Diagnosis Is Key

When symptoms of a PS or ET movement disorder appear, they may be mistaken for normal signs of aging or a condition such as arthritis. If you start to notice symptoms such as shaking, balance problems, stiffness, or slowed movement in yourself or a loved one, ask your doctor if he or she will refer you to a movement disorder specialist—a neurologist who treats movement disorders—as soon as possible. He or she will look at your symptoms and your medical history and decide whether testing would be helpful.

With the correct diagnosis, the most appropriate treatment can begin immediately. This can lead to the best chances for a good outcome while avoiding unnecessary side effects from inappropriate treatments.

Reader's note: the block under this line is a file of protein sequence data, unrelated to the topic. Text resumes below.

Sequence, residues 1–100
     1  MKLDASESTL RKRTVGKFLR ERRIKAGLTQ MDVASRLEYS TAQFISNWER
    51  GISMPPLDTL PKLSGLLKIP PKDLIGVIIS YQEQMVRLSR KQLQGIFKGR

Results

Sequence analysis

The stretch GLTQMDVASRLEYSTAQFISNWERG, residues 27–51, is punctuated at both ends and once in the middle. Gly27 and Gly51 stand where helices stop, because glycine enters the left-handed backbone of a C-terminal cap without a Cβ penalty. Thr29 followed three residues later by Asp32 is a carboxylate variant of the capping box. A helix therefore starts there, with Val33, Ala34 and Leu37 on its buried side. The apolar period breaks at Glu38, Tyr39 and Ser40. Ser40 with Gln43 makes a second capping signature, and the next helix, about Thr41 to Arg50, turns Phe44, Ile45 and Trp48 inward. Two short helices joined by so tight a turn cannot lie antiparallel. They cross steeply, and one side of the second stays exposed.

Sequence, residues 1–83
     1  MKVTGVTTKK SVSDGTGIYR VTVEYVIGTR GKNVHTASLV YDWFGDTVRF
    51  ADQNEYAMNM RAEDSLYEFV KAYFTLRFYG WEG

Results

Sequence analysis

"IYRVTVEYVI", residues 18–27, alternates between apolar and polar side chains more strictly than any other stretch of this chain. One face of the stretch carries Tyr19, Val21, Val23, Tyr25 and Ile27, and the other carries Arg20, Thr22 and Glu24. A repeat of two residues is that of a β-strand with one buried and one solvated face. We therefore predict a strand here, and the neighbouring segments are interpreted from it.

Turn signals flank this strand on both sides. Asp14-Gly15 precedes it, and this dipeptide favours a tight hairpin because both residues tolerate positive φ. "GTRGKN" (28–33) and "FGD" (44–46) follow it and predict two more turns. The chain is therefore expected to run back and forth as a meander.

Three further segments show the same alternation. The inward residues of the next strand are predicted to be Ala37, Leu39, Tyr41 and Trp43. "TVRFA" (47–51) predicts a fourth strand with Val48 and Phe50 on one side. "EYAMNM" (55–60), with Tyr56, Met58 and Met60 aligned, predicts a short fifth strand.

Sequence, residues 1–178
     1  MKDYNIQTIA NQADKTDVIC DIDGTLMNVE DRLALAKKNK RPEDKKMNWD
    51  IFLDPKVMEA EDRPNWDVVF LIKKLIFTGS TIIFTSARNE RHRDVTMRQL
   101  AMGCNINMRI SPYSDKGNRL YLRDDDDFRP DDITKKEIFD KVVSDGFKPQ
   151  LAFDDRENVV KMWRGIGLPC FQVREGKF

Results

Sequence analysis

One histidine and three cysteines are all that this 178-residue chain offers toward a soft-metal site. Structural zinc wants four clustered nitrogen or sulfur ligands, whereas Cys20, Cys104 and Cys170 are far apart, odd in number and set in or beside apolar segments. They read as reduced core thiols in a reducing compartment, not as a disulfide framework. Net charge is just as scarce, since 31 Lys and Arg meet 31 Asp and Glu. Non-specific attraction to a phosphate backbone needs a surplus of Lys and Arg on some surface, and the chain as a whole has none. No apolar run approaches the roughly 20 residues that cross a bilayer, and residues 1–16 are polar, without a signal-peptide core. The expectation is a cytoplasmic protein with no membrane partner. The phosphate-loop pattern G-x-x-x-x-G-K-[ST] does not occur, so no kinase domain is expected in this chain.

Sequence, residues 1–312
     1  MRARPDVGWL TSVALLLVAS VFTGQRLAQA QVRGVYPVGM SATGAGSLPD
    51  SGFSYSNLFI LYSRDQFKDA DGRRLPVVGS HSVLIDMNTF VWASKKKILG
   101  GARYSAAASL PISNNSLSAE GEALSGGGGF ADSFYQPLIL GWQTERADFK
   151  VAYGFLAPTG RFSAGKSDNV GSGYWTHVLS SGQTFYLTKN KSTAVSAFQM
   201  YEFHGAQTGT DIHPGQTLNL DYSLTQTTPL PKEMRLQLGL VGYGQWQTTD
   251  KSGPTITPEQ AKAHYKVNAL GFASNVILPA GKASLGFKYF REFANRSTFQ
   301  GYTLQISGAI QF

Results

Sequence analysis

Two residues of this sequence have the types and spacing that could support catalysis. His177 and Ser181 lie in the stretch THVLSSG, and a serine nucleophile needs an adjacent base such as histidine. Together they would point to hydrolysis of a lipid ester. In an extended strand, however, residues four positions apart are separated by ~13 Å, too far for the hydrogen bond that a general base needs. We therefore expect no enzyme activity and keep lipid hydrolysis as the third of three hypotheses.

Clinical Trials

Diagnosis is one part of the bigger picture, which, of course, involves finding a cure for PS and ET movement disorders. The only way that this can happen is through research. When people with movement disorders raise their hands to participate in clinical trials, they can play a critical and important role in pushing new treatments one step closer to becoming available.

The Michael J. Fox Foundation for Parkinson's Research matches patients with PS or ET and healthy subjects who do not have the disease with clinical trials that may lead to significant progress in the research and development that may one day come up with a cure for these diseases.

You can also learn more about the Parkinson Study Group, a non-profit group of doctors and other healthcare providers dedicated to research in Parkinson's Disease, as well as the many other clinical trials available all over the country by clicking on these links.

Next: Diagnosing Parkinsonian Syndrome or Essential Tremor

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